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Student Centre Canadian Organizational Behaviour
Fourth Edition
Steven L. McShane

Student Centre

Chapter 15: Organizational Change and Development

| Learning Objectives | Self-Assessment | Practice Exam | Quick Quiz | Video Exercise | Key Terms and Glossary | Web Links | General Web Links | Electronic Lecture Notes |

    Video Exercise

    These questions are based on videos accompanying the textbook. In addition to whatever in-class use your instructor may have given them, they're available below for online viewing. If directed to do so by your instructor, you can answer the questions online and email the results.
         These videos are intended only for students using Canadian Organizational Behaviour 4/e. To view the video, you'll require a password. Find the first word appearing in the main text column of page 430 in your textbook and use it as both 'username' and 'password.' Use of the word is case-sensitive.
         The free RealPlayer plug-in is required in order to view the videos. If needed, the plug-in can be downloaded from Real.

    Wendy's Restaurants of Canada
    Synopsis: Wendy's Restaurants of Canada wanted to shift from the "military mindset model" or managing to one that emphasizes employee involvement and support. To achieve this, Wendy's brought most of its restaurant and district managers to an Ontario resort for a four-day training program developed by Pecos River Learning Centre in New Mexico. The program involves a variety of outdoor activities (eg., trust fall) as well as open dialogue sessions where employees told colleagues more about themselves. The second half of the program follows district manager Craig Stapon and his six Winnipeg restaurant managers. The program illustrates how the program changed these people and how challenging it is to translate the "Pecos River Way" into real behaviour in the workplace.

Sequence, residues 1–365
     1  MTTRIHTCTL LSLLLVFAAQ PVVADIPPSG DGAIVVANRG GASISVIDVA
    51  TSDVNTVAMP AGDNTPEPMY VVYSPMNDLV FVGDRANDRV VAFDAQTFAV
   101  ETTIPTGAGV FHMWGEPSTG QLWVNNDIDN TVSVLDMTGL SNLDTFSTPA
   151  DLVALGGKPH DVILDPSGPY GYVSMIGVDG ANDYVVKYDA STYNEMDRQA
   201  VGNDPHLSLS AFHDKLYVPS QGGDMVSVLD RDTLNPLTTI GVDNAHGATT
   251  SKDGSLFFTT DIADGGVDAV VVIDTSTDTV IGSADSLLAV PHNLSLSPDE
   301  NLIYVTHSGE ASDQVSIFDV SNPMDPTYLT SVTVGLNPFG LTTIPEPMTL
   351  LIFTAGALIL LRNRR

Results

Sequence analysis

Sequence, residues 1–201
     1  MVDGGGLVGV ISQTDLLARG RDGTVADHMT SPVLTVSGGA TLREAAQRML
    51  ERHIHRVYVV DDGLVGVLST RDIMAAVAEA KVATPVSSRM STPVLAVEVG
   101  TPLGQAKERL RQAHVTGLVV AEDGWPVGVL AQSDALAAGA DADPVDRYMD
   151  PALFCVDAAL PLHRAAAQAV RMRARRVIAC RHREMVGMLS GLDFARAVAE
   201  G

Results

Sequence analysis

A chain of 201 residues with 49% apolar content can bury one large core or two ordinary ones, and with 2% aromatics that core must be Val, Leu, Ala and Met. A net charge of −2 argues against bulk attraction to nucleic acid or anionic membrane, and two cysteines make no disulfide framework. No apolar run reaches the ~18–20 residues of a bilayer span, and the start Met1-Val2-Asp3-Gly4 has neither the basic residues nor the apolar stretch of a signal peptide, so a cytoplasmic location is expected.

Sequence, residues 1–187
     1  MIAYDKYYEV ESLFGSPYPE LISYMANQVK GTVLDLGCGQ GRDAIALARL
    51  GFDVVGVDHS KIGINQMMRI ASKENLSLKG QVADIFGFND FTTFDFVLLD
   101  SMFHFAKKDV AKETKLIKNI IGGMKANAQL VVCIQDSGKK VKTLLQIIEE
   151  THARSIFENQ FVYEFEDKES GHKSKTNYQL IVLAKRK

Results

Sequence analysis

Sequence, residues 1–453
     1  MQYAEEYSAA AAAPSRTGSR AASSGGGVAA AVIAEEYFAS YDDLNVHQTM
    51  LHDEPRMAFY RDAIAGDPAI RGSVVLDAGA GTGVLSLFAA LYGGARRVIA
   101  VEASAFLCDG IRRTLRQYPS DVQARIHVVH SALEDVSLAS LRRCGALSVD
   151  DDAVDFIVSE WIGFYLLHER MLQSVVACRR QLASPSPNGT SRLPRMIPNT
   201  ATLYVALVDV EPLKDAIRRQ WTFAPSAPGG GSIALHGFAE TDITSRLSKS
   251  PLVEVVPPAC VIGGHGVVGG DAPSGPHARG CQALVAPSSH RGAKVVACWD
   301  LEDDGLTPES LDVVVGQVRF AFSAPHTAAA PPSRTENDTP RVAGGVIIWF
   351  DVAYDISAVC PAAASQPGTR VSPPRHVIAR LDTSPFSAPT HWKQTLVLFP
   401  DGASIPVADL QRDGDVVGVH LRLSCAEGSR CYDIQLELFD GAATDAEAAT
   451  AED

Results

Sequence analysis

Comment: Don't be fooled by the age of this program (1992). It is included in this video package because of its exceptional quality and uniqueness. I have used this video in sessions ranging from 2nd year undergraduate classes to executive programs will equal success. If students say the Pecos River program is too strange for most companies, then remind them that Pecos River is (or was) one of the most widely used programs among Fortune 500 companies. If students simply conclude that Craig Stapon doesn't know how to manage change, then get them to empathize with his difficult position and suggest specific actions to improve the process. If students say that Wendy's should have trained managers in transferring this new culture, then ask students what type of training would accomplish this. In short, this program reveals to reality and complexity of managing change.

    View the Video

    15-1. Based on the video:

    1. What changes did executives at Wendy's Restaurants of Canada expect to result from the Pecos River program? Did these changes occur in the Winnipeg restaurants?
    2. Was there any resistance to change among the Winnipeg restaurant managers? If so, what form of resistance did it take?
    3. What change management strategies did Craig Stapon use among the Winnipeg managers? Were these strategies effective? Why or why not?


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